(Petaling Jaya, Tuesday): Yesterday, Minister for Housing and Local Government, Datuk Dr. Ting Chew Peh moved the first reading of the Control of Rent (Repeal) Bill 1997 which will abolish the 1966 Rent Control Act, starting from September 1 this year.
What I find most shocking is that the government proposes to debate the Control of Rent (Repeal) Bill 1997 tomorrow without giving Members of Parliament or the one million people who would be affected by the decontrol law the opportunity for study, public feedback and consultation.
The government had spent more than 20 years to study the rent decontrol process and there can be no justification for not giving Members of Parliament, and even more important, the one million people who would be adversely affected by the repeal of the Rent Control Act, a minimum time of three months to study the implications of the government rent decontrol Bill and the opportunity to make proposals before the second reading of the Control of Rent (Repeal) Bill 1997.
There can be no question that the Control of Rent (Repeal) Bill 1997 should not be debated tomorrow, giving MPs hardly 48 hours’ notice and the one million people who would be affected no notice whatsoever!
In fact, the second reading debate of the Control of Rent (Repeal) Bill 1997 should be deferred to the next meeting of Parliament, which is scheduled to meet for 11 days from July 14 to 31. This will give MPs and the one million people who will be affected by the Control of Rent (Repeal) Bill 1997 three months to study the rent decontrol proposals and to give their views and suggestions.
The Ministry of Housing and Local Government proposes the rent decontrol process to begin on September 1, providing for a 27-month transition period culminating in a full repeal by 31st December 1999.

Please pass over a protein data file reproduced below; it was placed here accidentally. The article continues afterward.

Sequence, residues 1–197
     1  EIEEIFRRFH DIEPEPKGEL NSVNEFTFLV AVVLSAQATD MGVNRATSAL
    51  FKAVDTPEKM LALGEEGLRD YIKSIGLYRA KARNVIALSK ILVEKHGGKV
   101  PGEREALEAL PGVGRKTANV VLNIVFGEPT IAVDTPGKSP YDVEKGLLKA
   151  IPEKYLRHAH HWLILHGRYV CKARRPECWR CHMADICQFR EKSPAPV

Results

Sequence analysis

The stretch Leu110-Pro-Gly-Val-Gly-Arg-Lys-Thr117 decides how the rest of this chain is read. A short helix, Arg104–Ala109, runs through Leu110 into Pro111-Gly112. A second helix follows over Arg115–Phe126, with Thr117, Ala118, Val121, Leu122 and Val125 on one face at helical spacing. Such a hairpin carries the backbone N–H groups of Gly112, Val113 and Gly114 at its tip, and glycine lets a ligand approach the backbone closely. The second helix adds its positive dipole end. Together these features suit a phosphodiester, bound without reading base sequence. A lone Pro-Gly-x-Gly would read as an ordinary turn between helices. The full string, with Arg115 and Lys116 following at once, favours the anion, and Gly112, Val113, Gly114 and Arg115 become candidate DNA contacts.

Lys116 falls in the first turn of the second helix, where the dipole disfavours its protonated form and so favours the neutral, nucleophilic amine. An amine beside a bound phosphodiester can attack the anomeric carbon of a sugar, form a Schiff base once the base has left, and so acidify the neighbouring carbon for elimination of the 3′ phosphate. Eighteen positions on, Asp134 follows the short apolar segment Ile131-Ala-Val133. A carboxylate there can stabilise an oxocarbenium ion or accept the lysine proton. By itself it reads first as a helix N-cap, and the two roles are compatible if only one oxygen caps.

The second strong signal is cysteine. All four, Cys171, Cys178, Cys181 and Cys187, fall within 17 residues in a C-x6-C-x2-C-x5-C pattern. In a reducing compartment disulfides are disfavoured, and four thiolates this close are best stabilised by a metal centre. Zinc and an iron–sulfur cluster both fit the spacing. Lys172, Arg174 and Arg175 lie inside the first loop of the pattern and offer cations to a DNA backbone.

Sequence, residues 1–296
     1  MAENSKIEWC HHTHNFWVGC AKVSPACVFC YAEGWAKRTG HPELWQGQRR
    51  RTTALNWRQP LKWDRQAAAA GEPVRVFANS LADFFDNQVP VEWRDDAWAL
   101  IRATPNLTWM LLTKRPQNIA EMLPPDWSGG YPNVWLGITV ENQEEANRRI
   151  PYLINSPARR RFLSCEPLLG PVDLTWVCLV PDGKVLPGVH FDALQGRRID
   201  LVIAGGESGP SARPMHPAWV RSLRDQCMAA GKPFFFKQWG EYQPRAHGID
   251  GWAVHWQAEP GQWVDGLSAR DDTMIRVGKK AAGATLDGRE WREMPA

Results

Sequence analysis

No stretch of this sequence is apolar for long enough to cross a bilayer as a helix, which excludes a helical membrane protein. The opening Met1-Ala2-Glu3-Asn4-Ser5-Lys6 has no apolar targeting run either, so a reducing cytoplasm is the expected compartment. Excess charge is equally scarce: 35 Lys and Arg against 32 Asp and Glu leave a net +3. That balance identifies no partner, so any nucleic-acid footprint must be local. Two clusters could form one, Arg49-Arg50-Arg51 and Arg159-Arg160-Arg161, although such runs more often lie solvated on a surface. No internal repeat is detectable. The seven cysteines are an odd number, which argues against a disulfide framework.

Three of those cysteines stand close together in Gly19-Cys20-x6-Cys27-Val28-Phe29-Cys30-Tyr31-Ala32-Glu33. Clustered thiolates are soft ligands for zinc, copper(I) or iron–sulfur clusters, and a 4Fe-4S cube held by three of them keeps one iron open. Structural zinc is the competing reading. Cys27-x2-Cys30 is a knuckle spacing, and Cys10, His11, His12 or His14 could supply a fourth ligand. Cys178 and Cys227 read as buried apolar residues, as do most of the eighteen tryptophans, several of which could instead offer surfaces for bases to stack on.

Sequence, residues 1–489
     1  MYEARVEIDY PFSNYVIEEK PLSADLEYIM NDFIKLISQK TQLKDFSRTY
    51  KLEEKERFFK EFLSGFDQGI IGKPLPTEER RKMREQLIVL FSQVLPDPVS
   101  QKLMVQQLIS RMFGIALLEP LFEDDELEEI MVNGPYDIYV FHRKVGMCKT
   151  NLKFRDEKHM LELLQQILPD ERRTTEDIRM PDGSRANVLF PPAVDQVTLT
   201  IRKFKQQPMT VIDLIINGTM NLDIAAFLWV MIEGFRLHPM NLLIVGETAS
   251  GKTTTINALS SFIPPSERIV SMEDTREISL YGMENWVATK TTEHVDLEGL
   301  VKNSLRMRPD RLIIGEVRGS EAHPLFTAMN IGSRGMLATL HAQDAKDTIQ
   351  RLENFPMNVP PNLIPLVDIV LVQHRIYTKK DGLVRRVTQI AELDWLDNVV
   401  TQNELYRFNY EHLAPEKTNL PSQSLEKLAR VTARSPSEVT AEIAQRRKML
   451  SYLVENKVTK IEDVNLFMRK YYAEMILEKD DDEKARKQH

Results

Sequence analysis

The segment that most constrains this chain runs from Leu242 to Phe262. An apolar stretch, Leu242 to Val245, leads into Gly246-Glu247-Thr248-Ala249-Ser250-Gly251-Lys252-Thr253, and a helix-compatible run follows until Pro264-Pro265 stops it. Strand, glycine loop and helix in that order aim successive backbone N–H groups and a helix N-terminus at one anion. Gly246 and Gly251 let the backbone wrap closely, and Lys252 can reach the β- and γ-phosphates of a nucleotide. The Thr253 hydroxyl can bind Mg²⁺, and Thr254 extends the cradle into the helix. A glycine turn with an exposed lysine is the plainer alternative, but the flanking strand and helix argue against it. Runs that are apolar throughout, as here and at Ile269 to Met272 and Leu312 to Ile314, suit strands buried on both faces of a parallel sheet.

Apart from proposing the deferment of the second reading of the Bill to the July meeting of Parliament, the DAP has two other proposals:
There are 36,467 buildings in Peninsular Malaysia which are protected by the Rent Control Act 1966, with one-third of them in Penang. The other states with a high number of controlled premises are Johore (5,659), Perak (5,531), Malacca (4,135), Federal Territory (2,500) and Negri Sembilan (2,003).
The Federal and State Governments had more than two decades to make the decontrol process as painless as possible by ensuring that alternative affordable low-cost housing are available to the affected residents of rent control premises, but their failure is no justification for them to evade their social responsibility to the affected residents to minimise socio-economic dislocations and hardships.
Although a Rent Decontrol Tribunal is being proposed to deal with the problems and complaints arising from the repeal of the Rent Control Act 1966, it lacks the real powers to minimise socio-economic dislocations and hardships to the people affected, as the single biggest issue of alternative affordable housing close to their place of livelihood is beyond the powers or jurisdiction of the Tribunal.
The Minister for Housing and Local Government, Datuk Dr. Ting Chew Peh, had said that state governments could utilise the RM2 billion low-cost housing development revolving fund to build houses for those affected by the repeal of the Rent Control Act 1966.
It is clear that the it would not be possible for the government to ensure that the construction of houses for the one million people affected by the rent decontrol process could be completed in the 27-month timetable between Sept. 1997 and 1st January 2000.
The extension of the decontrol transition period from 27 months to five years would give the government more time to minimise socio-economic dislocations and hardships to the people affected and to ensure that there could be alternative affordable housing close to their place of livelihood for the one million people affected.